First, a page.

What’s Love Got to Do With It?

The quintessential coming-of-age story involves the tug-of-war between belief and experience. That’s true not only in fiction but also in real life. Belief bumps into experience, and we discover that they’re not in sync. Sometimes it takes us a while to figure that out, especially with love. Love is famously blind.

When we were children, we thought in pure polar opposites about every issue, including love. The young girl picks petals off a daisy, chanting, “He loves me; he loves me not.” Either this or that. One or the other. With experience, we discover that love gets mixed with all kinds of other emotions. Sometimes it’s only in hindsight that we realize that, in spite of all our good intentions, we misused love, turning it into something self-serving instead of self-giving.

Our first experience with self-serving love probably came in the form of conditional love: “I’ll love you if . . .” We were all born craving love, acceptance, and belonging. Even though as children, we couldn’t logically point out the difference between conditional and unconditional love, we could sense it. Even if our family loved us unconditionally, it’s a good bet that the rest of the world didn’t. We learned that love and acceptance often comes with strings attached. “I’ll be your friend if –.” Or “We’ll accept you if –.” Or “If you love me, you’ll –.” Of course, we’re not totally innocent in this. We learn to do it as well.

Another type of self-serving love is totally of our own making, and we fall into it head over heels: pure physical attraction. In our culture, we’re surrounded by stories in books, movies, ads, games, and websites that formulize love: beautiful girl + handsome guy = love. Ah, insta-love. I’m not saying that’s completely bogus. Physical attraction can bloom into self-giving love. But calling simple physical attraction love is stretching it. I’m reminded of singer Tina Turner’s line, “What’s love got to do with it?” Often the answer is, “Nothing.” Lust is fairly easy to come by. True love not so much.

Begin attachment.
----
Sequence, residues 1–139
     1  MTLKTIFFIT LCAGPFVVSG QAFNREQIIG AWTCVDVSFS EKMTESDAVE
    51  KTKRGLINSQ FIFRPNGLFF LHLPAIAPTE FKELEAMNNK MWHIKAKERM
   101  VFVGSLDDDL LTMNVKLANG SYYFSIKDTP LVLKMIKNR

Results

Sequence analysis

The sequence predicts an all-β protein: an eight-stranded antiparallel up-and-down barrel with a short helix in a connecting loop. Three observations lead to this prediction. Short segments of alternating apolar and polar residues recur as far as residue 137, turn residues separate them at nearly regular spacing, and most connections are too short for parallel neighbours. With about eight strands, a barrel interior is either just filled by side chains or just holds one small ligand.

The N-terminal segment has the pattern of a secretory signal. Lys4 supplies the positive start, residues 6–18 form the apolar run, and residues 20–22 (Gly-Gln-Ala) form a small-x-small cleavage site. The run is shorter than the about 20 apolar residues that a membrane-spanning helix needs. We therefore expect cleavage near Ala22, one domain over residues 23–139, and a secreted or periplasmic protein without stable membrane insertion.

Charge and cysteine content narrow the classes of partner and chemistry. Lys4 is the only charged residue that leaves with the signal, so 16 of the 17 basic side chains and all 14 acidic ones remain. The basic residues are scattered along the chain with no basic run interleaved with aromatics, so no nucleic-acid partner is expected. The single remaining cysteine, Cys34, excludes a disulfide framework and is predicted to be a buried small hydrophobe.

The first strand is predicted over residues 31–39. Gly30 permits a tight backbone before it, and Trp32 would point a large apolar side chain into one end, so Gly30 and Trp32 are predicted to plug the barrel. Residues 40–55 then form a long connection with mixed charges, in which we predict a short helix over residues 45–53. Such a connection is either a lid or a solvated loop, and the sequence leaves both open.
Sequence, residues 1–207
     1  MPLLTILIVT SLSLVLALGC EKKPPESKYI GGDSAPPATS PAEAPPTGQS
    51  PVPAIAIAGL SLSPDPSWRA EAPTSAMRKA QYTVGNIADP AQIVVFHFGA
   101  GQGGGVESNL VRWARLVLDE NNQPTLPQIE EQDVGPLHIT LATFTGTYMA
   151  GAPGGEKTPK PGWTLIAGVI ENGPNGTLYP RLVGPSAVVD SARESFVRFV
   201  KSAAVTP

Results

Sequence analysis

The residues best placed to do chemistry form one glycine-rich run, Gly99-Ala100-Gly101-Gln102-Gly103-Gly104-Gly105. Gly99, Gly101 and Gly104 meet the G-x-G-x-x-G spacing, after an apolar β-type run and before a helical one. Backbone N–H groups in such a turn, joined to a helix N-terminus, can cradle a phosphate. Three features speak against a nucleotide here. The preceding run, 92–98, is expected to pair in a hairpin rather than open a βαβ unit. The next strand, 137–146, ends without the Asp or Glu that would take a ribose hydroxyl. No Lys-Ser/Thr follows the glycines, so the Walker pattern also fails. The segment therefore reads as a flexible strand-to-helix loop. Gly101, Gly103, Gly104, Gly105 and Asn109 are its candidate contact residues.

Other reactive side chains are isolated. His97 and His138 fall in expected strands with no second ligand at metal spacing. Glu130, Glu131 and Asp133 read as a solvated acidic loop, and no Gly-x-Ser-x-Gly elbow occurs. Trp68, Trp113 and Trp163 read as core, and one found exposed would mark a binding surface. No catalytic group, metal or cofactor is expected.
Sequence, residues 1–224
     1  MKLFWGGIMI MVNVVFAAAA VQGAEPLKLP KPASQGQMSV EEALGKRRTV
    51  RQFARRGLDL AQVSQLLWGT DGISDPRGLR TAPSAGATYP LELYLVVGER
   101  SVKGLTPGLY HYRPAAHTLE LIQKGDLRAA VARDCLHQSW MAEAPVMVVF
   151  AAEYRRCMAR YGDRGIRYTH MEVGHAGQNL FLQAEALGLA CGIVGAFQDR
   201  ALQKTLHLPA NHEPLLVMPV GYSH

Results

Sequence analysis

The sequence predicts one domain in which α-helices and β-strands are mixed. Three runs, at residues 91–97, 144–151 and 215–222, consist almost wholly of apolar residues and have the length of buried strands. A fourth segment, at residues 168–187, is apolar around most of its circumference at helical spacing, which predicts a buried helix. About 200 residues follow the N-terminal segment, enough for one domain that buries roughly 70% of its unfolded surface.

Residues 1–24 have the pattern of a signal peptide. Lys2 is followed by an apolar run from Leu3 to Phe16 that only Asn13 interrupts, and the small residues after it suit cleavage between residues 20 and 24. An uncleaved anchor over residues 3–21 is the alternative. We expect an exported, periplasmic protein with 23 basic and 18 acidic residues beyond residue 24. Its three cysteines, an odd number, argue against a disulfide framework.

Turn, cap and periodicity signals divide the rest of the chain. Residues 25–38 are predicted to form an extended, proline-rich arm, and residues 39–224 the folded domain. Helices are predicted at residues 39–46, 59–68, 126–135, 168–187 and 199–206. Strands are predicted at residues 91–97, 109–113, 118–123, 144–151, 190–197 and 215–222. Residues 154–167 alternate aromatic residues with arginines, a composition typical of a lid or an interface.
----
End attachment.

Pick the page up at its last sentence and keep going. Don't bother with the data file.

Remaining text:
Pity is another offshoot of love. There’s absolutely nothing wrong with open-eyed, open-hearted altruism and compassion. Our world needs more of it. But when it slides into blind pity, we can easily place ourselves in the role of someone’s savior and call it love. Yes, we should feel concern for people in need. It’s right to want to help them address their problems and alleviate their distress. The desire to right wrongs is noble and good, and acting on that desire is honorable. It uplifts us as well as the people we help. When we take part in righting the world’s wrongs, we feel good and useful and significant. But when we crave that good and useful feeling so much that we take over and play savior, our impulse to help can turn into self-serving love. In that case, we risk being unhelpful, causing damage not only to those we want to help but to ourselves as well.

This savior twist on love can also happen when we try to rescue people who don’t really want to be rescued. Some people would never say they enjoy victimhood, but they thrive on being perceived as victims. So as long as they can draw on our “love” (aka pity), they don’t have to change. In other words, our “love” enables them to continue being the victims. We may claim we are emptying ourselves out of love, but they are using our fuel for their journey and leaving us depleted.

It’s easy for parents or family members to take on the savior role, even for those who don’t see themselves as victims. We truly want the people we love to thrive. We don’t want to see them struggle or get hurt. After all, we’ve been there, done that, and we know the road. We can see what needs to be done, and they can’t. (Or so we think.) So with all good intentions, we guide someone’s life like a director taking charge of a movie. Meaning well, we step in and call the shots. While this may look and feel self-giving, it’s actually self-serving; it serves our need to control. True self-giving honors the rights of others to make their own decisions and live their own lives.

In helping situations, it can be extremely hard to know when to step in and when to pull back. We often don’t realize that our love has stepped out of bounds. I find educator and writer Parker Palmer‘s advice helpful: Don’t evade, but don’t invade. When we realize we’ve overstepped and invaded, it’s easy to turn on ourselves in anger and regret. The way out of that is . . . love. Real, open-eyed, self-giving love is always home base – extending respect, encouragement, honesty, and kindness toward others and to ourselves.

Next week: Is it Love? Questions to Ask if You Wonder

Meanwhile, have a love-ly week!


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Text and photos © 2017 Karyn Henley. All rights reserved.